Thursday, August 6, 2015

HRW's view of the 21st Amendment decision in Pakistan

Human Rights Watch has posted this brief but grim assessment of the decision upholding Pakistan's 21st Amendment military courts:
Rule of law in Pakistan took a sinister step backward today when the Supreme Court upheld the use of military courts to prosecute terrorism suspects. The result? A green light by Pakistan’s highest judicial authority for secret military courts that can prosecute civilians and sentence them to death
The Supreme Court’s majority ruling validates a constitutional amendment, passed on January 7, 2015, which permits the establishment of military courts empowered to try civilians for a two-year period. Military courts are a key component of Pakistan’s 20-point National Action Plan against terrorism. They are also a part of an official response, along with coerced repatriations of Afghans living in Pakistan and an end to the government’s unofficial moratorium on the use of the death penalty, to last December’s horrific attack by the Pakistani Taliban splinter group Tehreek-e-Taliban on a school in Peshawar that left at least 148 dead – almost all of them children
The Pakistani government’s decision to use military courts to prosecute terrorist suspects was a de facto admission that the country’s civilian criminal justice system is broken. Authorities have sought to justify military courts as necessary for the “speedy trial” of terrorist suspects and to circumvent perceived “loopholes” of the civilian justice system. Such criticism is not without basis. Pakistan’s civilian courts have a well-earned reputationfor prosecutions undermined by both corruption and a glacial pace.

But if the Pakistani government’s diagnosis of the problem was correct, its prescription to address it is wrong-headed and dangerous. Empowering military courts to address the failures of the civilian justice system will have a long-term negative impact on Pakistan’s struggle to create a professional and independent judicial system. As a party to the International Covenant on Civil and Political Rights, Pakistan is obligated to uphold and take measures to ensure basic fair trial rights. Governments may not use military courts to try civilians when the regular courts are functioning. The United Nations Human Rights Committee has stated that “the trial of civilians in military or special courts may raise serious problems as far as the equitable, impartial and independent administration of justice is concerned.”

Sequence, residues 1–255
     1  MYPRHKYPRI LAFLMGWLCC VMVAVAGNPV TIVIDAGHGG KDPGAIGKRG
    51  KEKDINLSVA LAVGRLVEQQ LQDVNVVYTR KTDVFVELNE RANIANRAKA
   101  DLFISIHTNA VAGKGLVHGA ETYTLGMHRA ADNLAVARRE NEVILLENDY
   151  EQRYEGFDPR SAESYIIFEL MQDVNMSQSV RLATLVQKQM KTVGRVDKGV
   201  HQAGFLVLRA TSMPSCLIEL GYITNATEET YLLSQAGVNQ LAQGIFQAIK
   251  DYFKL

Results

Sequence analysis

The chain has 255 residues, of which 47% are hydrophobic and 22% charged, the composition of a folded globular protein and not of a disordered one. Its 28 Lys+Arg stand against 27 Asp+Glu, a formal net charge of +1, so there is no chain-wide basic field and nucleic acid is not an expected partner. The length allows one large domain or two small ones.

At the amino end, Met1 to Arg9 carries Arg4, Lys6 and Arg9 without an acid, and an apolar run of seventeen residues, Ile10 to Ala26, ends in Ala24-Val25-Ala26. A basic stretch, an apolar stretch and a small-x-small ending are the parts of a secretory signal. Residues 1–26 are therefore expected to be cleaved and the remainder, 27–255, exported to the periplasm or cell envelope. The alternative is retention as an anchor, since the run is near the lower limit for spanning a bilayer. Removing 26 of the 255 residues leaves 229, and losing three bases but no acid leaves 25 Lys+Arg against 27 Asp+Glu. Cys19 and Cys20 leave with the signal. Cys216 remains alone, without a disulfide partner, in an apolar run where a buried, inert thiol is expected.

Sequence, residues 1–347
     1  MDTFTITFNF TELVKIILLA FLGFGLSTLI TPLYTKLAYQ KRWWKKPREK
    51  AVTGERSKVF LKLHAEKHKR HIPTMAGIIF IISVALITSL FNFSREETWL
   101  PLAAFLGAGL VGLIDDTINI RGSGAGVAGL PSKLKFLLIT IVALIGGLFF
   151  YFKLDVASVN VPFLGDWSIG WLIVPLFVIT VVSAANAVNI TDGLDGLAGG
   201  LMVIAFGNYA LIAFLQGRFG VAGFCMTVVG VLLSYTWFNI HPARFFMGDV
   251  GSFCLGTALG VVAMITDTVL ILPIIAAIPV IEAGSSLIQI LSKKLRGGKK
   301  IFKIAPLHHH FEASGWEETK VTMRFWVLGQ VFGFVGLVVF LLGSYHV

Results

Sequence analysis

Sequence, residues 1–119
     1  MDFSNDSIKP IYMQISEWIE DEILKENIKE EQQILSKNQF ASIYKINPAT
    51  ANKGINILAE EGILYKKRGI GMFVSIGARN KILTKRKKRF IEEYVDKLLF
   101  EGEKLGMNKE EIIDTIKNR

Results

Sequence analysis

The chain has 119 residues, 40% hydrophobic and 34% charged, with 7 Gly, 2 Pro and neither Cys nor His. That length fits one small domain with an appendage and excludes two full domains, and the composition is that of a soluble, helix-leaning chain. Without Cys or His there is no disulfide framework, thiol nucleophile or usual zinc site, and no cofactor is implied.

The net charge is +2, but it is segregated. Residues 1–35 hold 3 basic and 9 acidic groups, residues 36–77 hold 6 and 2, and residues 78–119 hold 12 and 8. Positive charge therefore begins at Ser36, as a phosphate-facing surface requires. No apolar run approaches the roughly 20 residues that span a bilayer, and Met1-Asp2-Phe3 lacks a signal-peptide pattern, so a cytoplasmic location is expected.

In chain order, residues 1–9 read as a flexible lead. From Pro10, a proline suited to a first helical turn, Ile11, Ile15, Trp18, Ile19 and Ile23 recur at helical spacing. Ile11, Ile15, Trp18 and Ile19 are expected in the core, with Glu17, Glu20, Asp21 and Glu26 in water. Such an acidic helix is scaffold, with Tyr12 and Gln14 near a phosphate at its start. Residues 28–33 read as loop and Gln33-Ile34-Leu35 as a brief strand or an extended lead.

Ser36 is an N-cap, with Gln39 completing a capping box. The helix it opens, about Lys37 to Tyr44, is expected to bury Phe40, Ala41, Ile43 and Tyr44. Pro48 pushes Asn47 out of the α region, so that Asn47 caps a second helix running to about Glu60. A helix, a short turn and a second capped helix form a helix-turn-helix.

The government of Pakistan needs to display resolve in building up the capacity of the civilian judiciary to prosecute terrorism cases. Seeking a quick fix through the use of military courts is a perilous non-solution that will pose a long-term threat to the rights and safety of the Pakistani people.
The Supreme Court's decision is what it is. The question is what happens next that could alter the equation. There is no reason to expect more or better from either the executive branch, which decides which cases will be sent to the military courts, or the legislature, which was a willing and necessary partner in the creation of the new military courts. International pressure? It is unlikely to have any impact. The media? There's been some full-throated opposition to the 21st Amendment, but not enough to make a difference in public opinion much less the actions of public officials. So the only game in town is, once again, the Supreme Court, which has staked out a claim to the power to review actions of the new courts. Will there be bite as well as bark? Will the government resist the court's exercise of that power? Is the country one case away from another legal crisis?

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